Polygon: How a Drinking Game was Saved by MMO Design
Published By: Polygon
Raph Koster is a man of intellectual enquiry and boundless curiosity. So when the designer of Ultima Online and creative lead of Star Wars Galaxies was hired to fix a top trivia game for drinking establishments, he knew he faced multiple challenges.
A company called Buzztime had contacted Koster to reinvent its aging multiplayer trivia game. Koster is the author of a highly-regarded book on game design and is a regular speaker at industry events such as GDC.
First introduced in 1985, Buzztime’s trivia game beams multiple choice trivia questions into bar-room TV screens. Patrons answer the questions using nasty old touchpad controllers.
Buzztime recognized that the popularity of its game was on the wane. Diners and guzzlers were turning to smartphones for in-bar entertainment. The game tended to be dominated by a small number of hardcore players, competing against one another across a nationwide network.
New technology, such as touch-tablets, were being introduced into restaurants, which did not want the grungy old touchpads knocking around. Meanwhile, restaurant owners were looking for new diversions that would keep customers at their tables, ordering high-margin drinks, once the nachos and jalapeño poppers had been consumed.
Once hired by Buzztime, Koster’s first job was to find a bar and play the game. He went to a Buffalo Wild Wings in San Diego. While trying to figure out what was wrong with this old trivia game, he ordered some wings. He settled down to play the game and watch others play.
On his first try, he placed in the top ten nationwide. This, he thought, was a big problem. The wings on the other hand, were pretty darned good.
THE BAR GAMES PROBLEM
Playing cards or board games while drinking in public spaces has been a human activity for thousands of years. Cards, dice and chess have been mainstays of public entertainment, from the elegant courtyards of the Harappan to the rowdy pubs of Halifax.
In more recent years, electronic diversions such as pinball and gambling machines have offered single-player entertainment to those seeking respite from the outside world.
Trivia contests sprouted up in the 1970s, pitting teams against one another in rambunctious evening events. Buzztime sought to monetize trivia by offering it as an electronic game that individuals or teams could play at any time.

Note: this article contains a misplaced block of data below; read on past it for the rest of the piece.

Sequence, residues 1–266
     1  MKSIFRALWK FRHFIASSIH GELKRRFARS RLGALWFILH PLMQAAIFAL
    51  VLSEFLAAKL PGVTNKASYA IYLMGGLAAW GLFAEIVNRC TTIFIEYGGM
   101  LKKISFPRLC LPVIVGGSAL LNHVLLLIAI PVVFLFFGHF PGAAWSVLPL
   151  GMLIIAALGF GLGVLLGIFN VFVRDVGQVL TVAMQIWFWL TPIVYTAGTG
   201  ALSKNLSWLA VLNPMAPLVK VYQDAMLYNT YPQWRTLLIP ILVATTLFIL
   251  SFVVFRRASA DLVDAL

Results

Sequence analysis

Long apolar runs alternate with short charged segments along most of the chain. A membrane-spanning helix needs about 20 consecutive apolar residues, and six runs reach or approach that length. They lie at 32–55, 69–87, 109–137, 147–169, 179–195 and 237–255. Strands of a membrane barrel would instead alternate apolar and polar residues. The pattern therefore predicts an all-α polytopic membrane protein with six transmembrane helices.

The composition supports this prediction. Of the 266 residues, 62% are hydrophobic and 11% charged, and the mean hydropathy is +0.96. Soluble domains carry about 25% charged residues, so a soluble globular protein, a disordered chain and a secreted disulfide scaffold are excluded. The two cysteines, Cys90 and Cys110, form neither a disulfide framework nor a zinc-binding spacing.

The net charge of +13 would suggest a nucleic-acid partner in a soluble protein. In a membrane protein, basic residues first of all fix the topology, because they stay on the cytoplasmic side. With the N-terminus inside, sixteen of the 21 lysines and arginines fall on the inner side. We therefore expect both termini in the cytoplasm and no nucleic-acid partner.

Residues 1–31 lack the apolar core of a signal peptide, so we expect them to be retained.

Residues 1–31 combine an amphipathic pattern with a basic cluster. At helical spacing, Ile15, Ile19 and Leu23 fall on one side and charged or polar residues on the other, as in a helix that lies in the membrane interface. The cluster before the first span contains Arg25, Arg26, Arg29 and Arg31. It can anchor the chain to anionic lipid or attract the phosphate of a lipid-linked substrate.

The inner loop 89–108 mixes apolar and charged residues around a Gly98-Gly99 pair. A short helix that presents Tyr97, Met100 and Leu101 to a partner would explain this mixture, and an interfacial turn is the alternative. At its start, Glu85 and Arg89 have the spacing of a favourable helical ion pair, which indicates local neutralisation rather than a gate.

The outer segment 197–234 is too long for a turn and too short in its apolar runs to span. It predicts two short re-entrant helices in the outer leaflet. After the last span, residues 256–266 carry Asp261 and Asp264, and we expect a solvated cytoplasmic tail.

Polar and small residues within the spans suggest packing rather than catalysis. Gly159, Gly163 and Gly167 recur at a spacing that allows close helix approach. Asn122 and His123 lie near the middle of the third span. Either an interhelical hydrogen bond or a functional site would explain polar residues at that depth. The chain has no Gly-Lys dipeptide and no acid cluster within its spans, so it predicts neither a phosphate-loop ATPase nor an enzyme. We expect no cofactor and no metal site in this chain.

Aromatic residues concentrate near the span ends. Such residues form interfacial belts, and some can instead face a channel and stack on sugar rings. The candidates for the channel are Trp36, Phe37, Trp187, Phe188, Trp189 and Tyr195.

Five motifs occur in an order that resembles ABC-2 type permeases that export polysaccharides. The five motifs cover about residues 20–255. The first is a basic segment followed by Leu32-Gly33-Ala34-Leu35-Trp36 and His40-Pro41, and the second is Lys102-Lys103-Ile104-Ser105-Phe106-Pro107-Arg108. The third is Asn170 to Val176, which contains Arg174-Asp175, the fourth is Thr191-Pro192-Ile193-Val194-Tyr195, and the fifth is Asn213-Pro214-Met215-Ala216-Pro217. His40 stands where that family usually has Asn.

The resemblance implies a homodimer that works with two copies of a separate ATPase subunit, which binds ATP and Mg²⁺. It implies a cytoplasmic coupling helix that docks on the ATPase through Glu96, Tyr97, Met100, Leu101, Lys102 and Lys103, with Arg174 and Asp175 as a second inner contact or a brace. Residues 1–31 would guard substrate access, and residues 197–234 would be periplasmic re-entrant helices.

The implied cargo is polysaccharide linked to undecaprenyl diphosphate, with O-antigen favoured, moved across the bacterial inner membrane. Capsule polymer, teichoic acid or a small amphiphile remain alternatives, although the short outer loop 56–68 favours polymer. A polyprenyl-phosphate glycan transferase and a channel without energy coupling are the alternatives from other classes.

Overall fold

Since its introduction in the 1980s, the game has changed very little. A random question appears on a screen along with four possible answers. To gain maximum points, players press a button on a “Playmaker” tablet which corresponds with their answer. The TV offers clues for those who don’t know the answer. As the clock counts down, the value of a correct answer diminishes, until the point where the answer is basically given away.
Koster (above) and Buzztime understood that the problem was not that people didn’t want to play games, or even to play trivia games. The game had simply gotten old.
“Over the last decade, we lost our core competency of game design,” says Buzztime chief product officer, Bob Cooney. “We brought in Raph to not only help us design this new game, but re-teach our team how to design games moving forward.”
“A bar is one of those third places where you go to escape reality,” says Koster. “The fact that Buzztime has been around since the mid-’80s, with people playing networked trivia indicates that people have been gaming at bars all along. Arcade games have always been big in bars, too.”
But Buzztime has a big new competitor. “Everybody has a mobile phone in their pocket,” says Koster. “It’s super common to see somebody at a bar pull out a game and do something for maybe five minutes while they’re waiting for somebody to show up. Because of the bite-sized nature of so much mobile and casual gaming, games are everywhere.”
Koster works as an independent designer and consultant on gaming projects. Part of his appeal is his sharp perception of gaming trends. Apart from pioneering MMOs, he was also an early mover in design-platforms and social media games.
Part of the Buzztime challenge for Koster was getting his head around the needs of the players while they are in a bar.
“The player wants something to do, usually with their friends, often after work,” he explains. “They want a lightweight distraction while they can catch up on the day or complain about their boss or whatever. A friends night out.”
LEAGUE OF LEGENDS HELPED
Koster realized that the reason why fewer and fewer people were willing to play Buzztime’s older game is one that is familiar to anyone who has ever played a multiplayer game.